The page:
ARM forms a TEE JV with Gemalto and G&D
ARM will own 40% of the venture, which is unnamed but will be based in the UK. ARM will also be providing engineers and a small marketing team, according to the Wall Street Journal. Gemalto and G&D will each hold 30% and contribute operating systems, patents and engineers. ARM executive Ben Cade will head the new company with an initial staff level of around 80.
ARM, which designs the microprocessor architecture that is found in the majority of smartphones and tablets, says the aim of the JV is to create a trusted execution environment (TEE) based on the ARM TrustZone security technology, for connected devices. This “secure environment for software execution” will also tap hardware security and industry standard interfaces, such as those from GlobalPlatform. The TEE is a secure hardware-software architecture built into tablets and smartphones. It runs in isolation parallel to the main operating system (e.g. Android). Attacks performed on the main OS or the applications running on the OS cannot reach the software and data protected in the TEE. The TEE complements the Secure Element to tackle security issues in the device, while preserving the existing legal framework and avoiding concerns related to any liability shifts. This is said to make it safer to carry out things like mobile payments, banking and commerce.
Analysts think venture is following the strategy adopted by Intel with its US$ 7.68 billion (EUR 5.86 billion) acquisition of security-software provider McAfee that resulted in the chip vendor releasing its DeepSAFE security product that also sits below the OS.
“This is an absolute defensive move against Intel, and what they're doing with McAfee,” Patrick Moorhead, an analyst at technology research firm Moor Insights & Strategy, told Dow Jones Newswires. “When money is involved security is a primary concern, and in light of that simple truth, it has become a major point of differentiation for firms looking to gain market share,” comments Chris Moore of The Motley Fool Blog Network. Intel is targeting mobile and one of its initiatives has been to tackle payment processing security. In February 2012, the company has also announced a partnership with Visa to provide an NFC-based payment system for phones equipped with Intel’s mobile chipset (cf. SIW #12-10). Intel’s approach is to partner with an established network, emphasize security and hope it is enough to help break into the mobile market. Until now, Intel has been unable to gain a foothold in mobile due to the enormous footprint of competitor ARM and is looking for any edge it can find.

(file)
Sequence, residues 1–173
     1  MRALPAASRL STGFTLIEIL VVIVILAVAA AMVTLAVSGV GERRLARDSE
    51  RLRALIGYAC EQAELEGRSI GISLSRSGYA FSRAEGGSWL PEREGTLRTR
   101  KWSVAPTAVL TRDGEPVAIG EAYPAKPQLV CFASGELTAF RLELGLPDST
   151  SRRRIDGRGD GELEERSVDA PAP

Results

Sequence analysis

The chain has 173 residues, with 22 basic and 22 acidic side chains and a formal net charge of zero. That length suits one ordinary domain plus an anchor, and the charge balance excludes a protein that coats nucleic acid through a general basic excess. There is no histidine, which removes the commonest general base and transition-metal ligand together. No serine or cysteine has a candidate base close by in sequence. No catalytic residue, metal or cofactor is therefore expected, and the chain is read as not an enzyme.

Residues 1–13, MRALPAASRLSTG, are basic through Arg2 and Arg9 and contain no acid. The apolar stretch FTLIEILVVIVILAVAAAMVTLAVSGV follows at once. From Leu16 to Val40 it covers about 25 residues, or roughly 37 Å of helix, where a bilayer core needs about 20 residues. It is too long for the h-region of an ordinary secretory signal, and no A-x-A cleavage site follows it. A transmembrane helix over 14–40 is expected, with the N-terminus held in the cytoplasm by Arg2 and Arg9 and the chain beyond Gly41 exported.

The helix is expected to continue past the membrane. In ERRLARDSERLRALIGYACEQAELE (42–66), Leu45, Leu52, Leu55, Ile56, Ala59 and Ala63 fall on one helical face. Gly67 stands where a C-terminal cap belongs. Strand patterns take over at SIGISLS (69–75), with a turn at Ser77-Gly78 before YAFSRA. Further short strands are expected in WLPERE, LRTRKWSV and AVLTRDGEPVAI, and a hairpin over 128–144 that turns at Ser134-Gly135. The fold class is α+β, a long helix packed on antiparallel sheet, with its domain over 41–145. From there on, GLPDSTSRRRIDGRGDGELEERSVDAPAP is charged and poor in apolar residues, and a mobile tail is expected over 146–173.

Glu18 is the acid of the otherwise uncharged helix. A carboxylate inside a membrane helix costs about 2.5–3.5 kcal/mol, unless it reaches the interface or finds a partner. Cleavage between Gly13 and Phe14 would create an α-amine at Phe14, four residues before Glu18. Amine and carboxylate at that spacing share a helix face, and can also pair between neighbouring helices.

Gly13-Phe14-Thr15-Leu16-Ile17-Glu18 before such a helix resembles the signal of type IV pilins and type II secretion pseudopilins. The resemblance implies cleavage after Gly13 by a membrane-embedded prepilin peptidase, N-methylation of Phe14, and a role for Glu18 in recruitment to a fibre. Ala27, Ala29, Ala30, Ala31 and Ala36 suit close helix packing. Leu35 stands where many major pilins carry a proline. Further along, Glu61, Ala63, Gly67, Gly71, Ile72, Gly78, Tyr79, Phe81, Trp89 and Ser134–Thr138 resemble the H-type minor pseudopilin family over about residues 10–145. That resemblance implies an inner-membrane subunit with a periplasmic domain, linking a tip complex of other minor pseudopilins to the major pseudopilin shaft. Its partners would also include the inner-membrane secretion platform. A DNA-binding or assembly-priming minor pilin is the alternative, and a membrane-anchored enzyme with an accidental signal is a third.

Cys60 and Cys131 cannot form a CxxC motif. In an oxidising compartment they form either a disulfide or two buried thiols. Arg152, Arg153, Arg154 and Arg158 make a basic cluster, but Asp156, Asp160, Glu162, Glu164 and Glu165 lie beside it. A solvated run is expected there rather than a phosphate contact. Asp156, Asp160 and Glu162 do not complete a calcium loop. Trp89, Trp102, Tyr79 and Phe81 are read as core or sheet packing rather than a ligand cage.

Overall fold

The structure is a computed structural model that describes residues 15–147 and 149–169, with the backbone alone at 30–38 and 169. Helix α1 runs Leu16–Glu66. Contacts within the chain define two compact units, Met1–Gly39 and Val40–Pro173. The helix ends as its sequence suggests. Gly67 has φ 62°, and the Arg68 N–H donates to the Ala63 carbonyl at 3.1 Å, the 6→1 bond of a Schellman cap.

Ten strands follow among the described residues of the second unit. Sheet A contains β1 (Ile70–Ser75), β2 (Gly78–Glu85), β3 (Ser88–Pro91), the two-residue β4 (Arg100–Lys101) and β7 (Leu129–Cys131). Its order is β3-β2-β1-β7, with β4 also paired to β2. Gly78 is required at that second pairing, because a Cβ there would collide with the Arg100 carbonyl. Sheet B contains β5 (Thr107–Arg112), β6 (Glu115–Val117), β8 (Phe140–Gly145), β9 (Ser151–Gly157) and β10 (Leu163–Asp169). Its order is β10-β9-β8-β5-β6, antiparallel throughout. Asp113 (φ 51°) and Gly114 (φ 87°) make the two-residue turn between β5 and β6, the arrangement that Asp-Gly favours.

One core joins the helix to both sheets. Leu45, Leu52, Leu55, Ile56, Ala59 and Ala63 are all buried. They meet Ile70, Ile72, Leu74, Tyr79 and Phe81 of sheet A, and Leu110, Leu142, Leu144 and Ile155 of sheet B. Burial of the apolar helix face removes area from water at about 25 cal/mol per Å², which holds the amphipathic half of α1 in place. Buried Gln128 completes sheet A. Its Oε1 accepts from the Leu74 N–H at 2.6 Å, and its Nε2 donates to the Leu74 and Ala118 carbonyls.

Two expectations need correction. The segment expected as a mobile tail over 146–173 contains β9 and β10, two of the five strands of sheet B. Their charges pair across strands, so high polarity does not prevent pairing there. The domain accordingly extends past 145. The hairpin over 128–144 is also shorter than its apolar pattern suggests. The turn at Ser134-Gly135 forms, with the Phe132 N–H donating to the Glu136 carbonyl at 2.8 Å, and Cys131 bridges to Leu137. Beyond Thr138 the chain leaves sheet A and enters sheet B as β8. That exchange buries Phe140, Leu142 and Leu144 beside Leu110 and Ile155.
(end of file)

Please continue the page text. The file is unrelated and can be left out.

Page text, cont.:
Particularly of interest is ARM’s dominance in the smartphone chipset market, since smartphones are the most convenient vehicle for mobile payments. ARM’s increased focus on mobile security should help the company and more importantly mobile at large. Because of its wide footprint, an increased focus on security from ARM should have a wider impact than other companies looking to improve security in the mobile field. With security being such a hot button issue, ARM’s move could do more to spur adoption than any other single effort in the space. Even competitors have to welcome a plan that has the potential to draw more consumers into the market. It also offers ARM another selling point for their chips and has the upside of potentially spurring even greater smartphone adoption.Meanwhile, being competitors on the market, as of software for security technology, Gemalto and G&D follow two different business models. Trusted Logic, a Gemalto company, was the first to come up with software for TrustZone, which it calls Trusted Foundations (cf. Smart Insights Weekly #11-18), reports NFC Times. G&D followed with its own product, MobiCore (cf. SIW #11-09). However, while Gemalto licenses its Trusted Foundations to makers of ARM-based processors, G&D grants MobiCore to chip makers to further charge fees to service providers when they use the secure environment for applications.
US-based chip makers Texas Instruments (TI) and Qualcomm have adopted the TEE for some of their silicon, with TI licensing Trusted Foundations and Qualcomm going with MobiCore. But there are few services secured with the vendor products available to smartphone users. And while other chip makers have adopted the technology or plan to do so, most appear to be holding back, along with device makers.
“We want to accelerate the security ecosystem, and we want to accelerate that by avoiding fragmentation,” said Kai Grassie, SVP at G&D. Companies’ officials believe a JV is needed to reduce the fragmentation. GlobalPlatform has released its first version of a TEE system architecture specification in December 2011 (cf. SIW #12-08). Now, ARM, Gemalto and G&D pick up the baton, though they have yet to disclose what business model to found their JV on.